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Shopify Stock Tumbles After Forecasting Slower Revenue Growth

Shopify’s shares were on track to close at their lowest levels since June 2020.
Photo: Chris Wattie/Reuters

Shares of Shopify Inc. tumbled 16% Wednesday, after the e-commerce software provider told investors that the forces that made it one of the biggest winners of the Covid-19 pandemic are starting to slow.

Lockdowns pushed millions of small businesses to open online stores, as retail sales rapidly shifted away from physical stores. U.S. retail e-commerce sales grew 32% in 2020 from the prior year, according to the U.S. Commerce Department.

Shopify,…

Shares of
Shopify Inc.
tumbled 16% Wednesday, after the e-commerce software provider told investors that the forces that made it one of the biggest winners of the Covid-19 pandemic are starting to slow.

Lockdowns pushed millions of small businesses to open online stores, as retail sales rapidly shifted away from physical stores. U.S. retail e-commerce sales grew 32% in 2020 from the prior year, according to the U.S. Commerce Department.

Shopify, which lets merchants create an online storefront quickly, was a big beneficiary of this shift, with its revenue nearly doubling in the second quarter of 2020. It reported 86% revenue growth in 2020 and a 57% increase last year. Shopify said the pace of growth won’t be as robust in 2022.

“We believe that the Covid-triggered acceleration of e-commerce that spilled into the first half of 2021 in the form of lockdowns and government stimulus will be absent from 2022,” Amy Shapero, Shopify’s chief financial officer, said on a call with analysts Wednesday. She added that the company is cautious about the effects of inflation on consumer spending in the near term.

Shares of Shopify, which is based in Canada, are listed in New York and Toronto. The price of its New York-listed shares is down about 56% from its peak in November. The company’s shares closed at their lowest levels since June 2020.

Scott Kessler,
an analyst at research firm Third Bridge, said the selloff reflects investors questioning whether Shopify has the ability to sustain its growth as economies world-wide reopen. “That means people leaving their homes and returning to shopping in stores,” Mr. Kessler said. “Shopify signaled that the year has started relatively slowly.”

Shares of other companies also tumbled Wednesday after their earnings reports.
Roblox Corp.
stock fell 27% as investors worry about the videogame platform’s slowing growth as the pandemic recedes.
ViacomCBS Inc.,
soon to be renamed Paramount Global, stock declined 18% after increased spending on content and marketing sapped the broadcaster’s profit.

When stock prices sell off like they have so far in 2022, investors typically buy bonds to help stabilize portfolios and reduce losses. But right now, bond prices are falling too, leaving investors with nowhere to hide. WSJ’s Dion Rabouin explains. Photo: Brendan McDermid/Reuters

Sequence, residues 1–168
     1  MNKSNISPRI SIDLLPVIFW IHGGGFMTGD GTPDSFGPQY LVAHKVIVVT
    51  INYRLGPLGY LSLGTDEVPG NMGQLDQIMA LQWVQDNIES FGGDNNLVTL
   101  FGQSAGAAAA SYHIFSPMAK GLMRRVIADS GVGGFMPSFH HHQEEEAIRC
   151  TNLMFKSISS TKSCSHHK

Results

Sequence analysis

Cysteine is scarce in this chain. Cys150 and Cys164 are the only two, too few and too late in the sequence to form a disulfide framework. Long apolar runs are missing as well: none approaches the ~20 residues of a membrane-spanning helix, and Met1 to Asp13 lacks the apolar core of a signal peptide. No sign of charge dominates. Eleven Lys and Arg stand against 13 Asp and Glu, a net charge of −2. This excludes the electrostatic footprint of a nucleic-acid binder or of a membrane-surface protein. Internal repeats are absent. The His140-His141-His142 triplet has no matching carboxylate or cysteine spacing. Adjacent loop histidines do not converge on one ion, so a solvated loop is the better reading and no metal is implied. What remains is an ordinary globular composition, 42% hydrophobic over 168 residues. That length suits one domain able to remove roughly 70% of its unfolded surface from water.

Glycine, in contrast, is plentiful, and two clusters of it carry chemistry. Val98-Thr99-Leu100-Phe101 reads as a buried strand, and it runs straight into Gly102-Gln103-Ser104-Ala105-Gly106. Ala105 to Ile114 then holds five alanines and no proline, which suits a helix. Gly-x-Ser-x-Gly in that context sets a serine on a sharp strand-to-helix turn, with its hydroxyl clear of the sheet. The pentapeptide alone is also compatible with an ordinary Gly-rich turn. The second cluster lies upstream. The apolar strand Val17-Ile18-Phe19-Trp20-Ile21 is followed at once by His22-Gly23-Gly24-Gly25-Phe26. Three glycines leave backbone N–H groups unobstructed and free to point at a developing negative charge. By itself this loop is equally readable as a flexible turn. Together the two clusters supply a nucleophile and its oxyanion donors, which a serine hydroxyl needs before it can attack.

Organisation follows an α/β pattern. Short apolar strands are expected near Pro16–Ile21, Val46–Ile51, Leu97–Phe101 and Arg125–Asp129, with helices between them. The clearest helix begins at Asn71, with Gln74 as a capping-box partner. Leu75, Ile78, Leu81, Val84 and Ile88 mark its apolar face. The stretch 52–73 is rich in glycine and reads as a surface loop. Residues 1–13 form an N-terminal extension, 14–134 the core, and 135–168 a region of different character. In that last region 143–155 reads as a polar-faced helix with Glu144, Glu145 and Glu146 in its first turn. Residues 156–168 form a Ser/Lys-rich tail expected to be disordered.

The Wall Street Journal Interactive Edition

Shopify has been expanding its business in recent years to provide more services for merchants, which has brought it further into spaces occupied by payments companies and e-commerce logistics providers. It has developed point-of-sale hardware for retailers, launched a shopping app for its merchants to list products and created a network of fulfillment centers to ship orders for its business partners. Roughly 15 years after it was founded, in October 2019, Shopify announced its one millionth merchant. As of Dec. 31, it had nearly 2.1 million on its platform at the end of 2021. The company said it is ramping up marketing to increase its base of merchants outside North America.

Shopify said it plans to expand and simplify its fulfillment network, so merchants can spend less money managing their inventory and deliver orders more quickly. “Being able to offer [fulfillment services] to 90% of the US, two-day affordable shipping is really the goal,” Shopify President

Harley Finkelstein

told analysts Wednesday.

The company said it expects capital expenditures of $200 million for 2022, outpacing its spending on physical assets from the previous two years combined, according to Mr. Kessler of Third Bridge. Shopify said it plans to spend roughly $1 billion over 2023 and 2024 leasing warehouse hubs throughout the U.S.

In the latest quarter, Shopify swung to a loss of more than $371 million, or $2.95 a share, from a profit of nearly $124 million in the year-earlier period. Higher costs including those tied to sales and marketing and research weighed on Shopify’s profit margins and the latest quarter’s results also included a $510 million loss on its investments.

Excluding special items, Shopify reported a per-share profit of $1.36, compared with analysts’ expectations of $1.30.

Revenue came in at $1.38 billion, up from nearly $978 million a year ago and higher than the consensus forecast of $1.34 billion from analysts.

Write to Charity L. Scott at Charity.Scott@wsj.com

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